To understand why live musicians are so important to musical theater, you need only spend some time with "Rudolph the Red-Nosed Reindeer: The Musical," the new seasonal attraction at the Broadway Playhouse, which features a cast of 24 actors but not a single musician in the building.
Now, I'm of the view that a downtown Chicago musical at a major destination like Water Tower Place, with a top ticket in excess of $50, should, with only rare exceptions, feature music played live. Sure, you don't need a costly compliment of strings to make "Have a Holly Jolly Christmas" come alive, but whether there are six or 60, there should be sense that the notes you hear are coming from at least a few artists whose presence you can discern. We can all DVR "Rudolph," the animated Christmas TV special on which this show is based, to our heart's content. If we're getting dressed up and seeing the deer with the red honker in a theater, then theatrical the experience should be.
But this show makes a yet stronger case. "Rudolph," essentially an import from Milwaukee's First Stage children's theater, not only contains songs, but it's heavily underscored throughout. And that traps the actors, who, time and time again, are forced to wait for the music to catch up what they are doing. In other words, an elf will finish his line and then stand there, ears cocked for the tape, waiting for the right musical cue. On Sunday afternoon, storm braved for your edification, even with a regular-hued sniffer, I was barely able to repress an urge to rip out the slow-moving karaoke track and suggest everyone perform a cappella and make this whole thing a Christmas singalong. We all knew the words. It would have been a lot more fun and organic, and I'd venture the cast would have been relieved.
"Rudolph" is by no means a total bust. Brandon Kirkham's boldly colored production design is quite lovely, replete with some terrific, unpretentious puppets, including an aptly massive abominable snowdude and plenty of little furry animals to coax the eyes of the pint-sized theatergoer. This is, for sure, a show for younger kids (I'd say ages 4-7), and that's not a bad thing, since it can be tough to find the right introduction to show-business for that particular demographic. This is a very little-kids-friendly environment, a traditional yarn told with respect, and, of course, just the right kind of story to get everyone excited for Christmas Eve.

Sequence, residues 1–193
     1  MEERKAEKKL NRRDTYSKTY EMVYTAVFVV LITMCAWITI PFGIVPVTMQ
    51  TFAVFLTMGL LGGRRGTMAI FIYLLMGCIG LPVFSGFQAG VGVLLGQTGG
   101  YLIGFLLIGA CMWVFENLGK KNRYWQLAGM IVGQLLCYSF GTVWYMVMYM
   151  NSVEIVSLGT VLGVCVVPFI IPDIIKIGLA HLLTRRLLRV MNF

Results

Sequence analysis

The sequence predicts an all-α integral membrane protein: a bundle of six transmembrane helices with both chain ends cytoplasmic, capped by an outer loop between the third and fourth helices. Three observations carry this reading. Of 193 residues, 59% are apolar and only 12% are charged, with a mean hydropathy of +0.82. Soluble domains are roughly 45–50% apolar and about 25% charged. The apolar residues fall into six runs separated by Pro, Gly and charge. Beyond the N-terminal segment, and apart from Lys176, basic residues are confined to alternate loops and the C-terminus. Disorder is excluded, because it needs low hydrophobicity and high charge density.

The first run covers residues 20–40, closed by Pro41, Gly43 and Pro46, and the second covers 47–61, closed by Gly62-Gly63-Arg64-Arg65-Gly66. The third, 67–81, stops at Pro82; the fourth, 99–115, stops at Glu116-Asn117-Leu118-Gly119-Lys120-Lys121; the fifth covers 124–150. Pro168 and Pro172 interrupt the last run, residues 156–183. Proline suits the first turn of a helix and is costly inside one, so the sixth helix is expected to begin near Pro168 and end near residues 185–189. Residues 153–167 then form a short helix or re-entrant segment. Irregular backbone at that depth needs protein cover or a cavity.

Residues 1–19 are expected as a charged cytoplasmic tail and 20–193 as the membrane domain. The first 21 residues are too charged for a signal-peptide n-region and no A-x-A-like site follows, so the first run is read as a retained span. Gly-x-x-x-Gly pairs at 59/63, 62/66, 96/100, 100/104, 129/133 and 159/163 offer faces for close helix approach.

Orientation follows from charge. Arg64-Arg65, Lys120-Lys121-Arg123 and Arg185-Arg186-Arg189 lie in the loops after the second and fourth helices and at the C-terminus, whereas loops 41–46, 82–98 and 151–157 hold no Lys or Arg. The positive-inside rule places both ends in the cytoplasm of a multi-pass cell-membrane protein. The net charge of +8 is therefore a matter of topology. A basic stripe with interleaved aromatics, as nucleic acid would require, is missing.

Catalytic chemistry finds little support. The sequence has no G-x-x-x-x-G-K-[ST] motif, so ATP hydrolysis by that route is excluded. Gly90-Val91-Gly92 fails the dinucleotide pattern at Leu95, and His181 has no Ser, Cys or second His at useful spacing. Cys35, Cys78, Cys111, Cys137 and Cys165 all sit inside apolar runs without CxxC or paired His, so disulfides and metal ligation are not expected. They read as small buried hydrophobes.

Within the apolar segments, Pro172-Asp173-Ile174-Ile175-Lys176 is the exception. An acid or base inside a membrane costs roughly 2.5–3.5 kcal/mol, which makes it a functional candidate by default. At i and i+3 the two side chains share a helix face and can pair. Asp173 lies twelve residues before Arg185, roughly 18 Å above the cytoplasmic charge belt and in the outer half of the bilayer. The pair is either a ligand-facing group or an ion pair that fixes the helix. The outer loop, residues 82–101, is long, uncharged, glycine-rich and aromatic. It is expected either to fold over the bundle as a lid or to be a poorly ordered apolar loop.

Some of the broad acting, frankly, is sized more for Soldier Field. The poor narrator, Sam the self-propelled Snowman (Sean Patrick Fawcett) is hemmed in not only by that tape but by a costume that moves at about 0.0001 miles per hour, sucking the pace out of the show every time he showed up. Actually the star of the show Saturday was not Sam nor Santa (Robb Alton) nor even Rudy, but a kid named Liam Dahlborn, playing Hermey the Elf, who clearly decided nothing was going to get in his way. So if you've looked up this review, say, 20 years from now, yes, I'm saying he's gonna be a star some day. Hope he gets his own band.
LET US HEAR FROM YOU: Parents, what's your favorite holiday show? Tell us on theaterchat.chicagotribune.com.
When: Through Jan. 5
Where: Broadway Playhouse, 175 E. Chestnut St.
Running time: 1 hours, 25 minutes
Tickets: $21-$53 at 800-775-2000 or broadwayinchicago.comCopyright © 2015, The Baltimore Sun